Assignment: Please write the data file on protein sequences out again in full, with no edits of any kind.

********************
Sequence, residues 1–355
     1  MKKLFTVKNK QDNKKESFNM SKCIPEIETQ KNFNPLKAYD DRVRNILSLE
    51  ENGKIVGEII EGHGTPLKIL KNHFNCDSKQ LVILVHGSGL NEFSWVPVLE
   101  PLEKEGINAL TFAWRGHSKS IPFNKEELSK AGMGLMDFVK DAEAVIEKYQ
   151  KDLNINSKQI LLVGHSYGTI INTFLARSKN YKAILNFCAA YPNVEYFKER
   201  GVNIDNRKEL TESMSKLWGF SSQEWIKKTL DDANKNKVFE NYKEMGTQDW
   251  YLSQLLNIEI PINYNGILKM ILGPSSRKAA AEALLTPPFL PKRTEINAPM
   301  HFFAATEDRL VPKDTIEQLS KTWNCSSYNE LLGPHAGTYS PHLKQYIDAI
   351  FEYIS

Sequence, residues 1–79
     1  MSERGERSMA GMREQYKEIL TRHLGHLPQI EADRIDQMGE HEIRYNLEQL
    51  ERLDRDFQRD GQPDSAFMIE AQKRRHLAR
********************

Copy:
Sequence, residues 1–355
     1  MKKLFTVKNK QDNKKESFNM SKCIPEIETQ KNFNPLKAYD DRVRNILSLE
    51  ENGKIVGEII EGHGTPLKIL KNHFNCDSKQ LVILVHGSGL NEFSWVPVLE
   101  PLEKEGINAL TFAWRGHSKS IPFNKEELSK AGMGLMDFVK DAEAVIEKYQ
   151  KDLNINSKQI LLVGHSYGTI INTFLARSKN YKAILNFCAA YPNVEYFKER
   201  GVNIDNRKEL TESMSKLWGF SSQEWIKKTL DDANKNKVFE NYKEMGTQDW
   251  YLSQLLNIEI PINYNGILKM ILGPSSRKAA AEALLTPPFL PKRTEINAPM
   301  HFFAATEDRL VPKDTIEQLS KTWNCSSYNE LLGPHAGTYS PHLKQYIDAI
   351  FEYIS

Sequence, residues 1–79
     1  MSERGERSMA GMREQYKEIL TRHLGHLPQI EADRIDQMGE HEIRYNLEQL
    51  ERLDRDFQRD GQPDSAFMIE AQKRRHLAR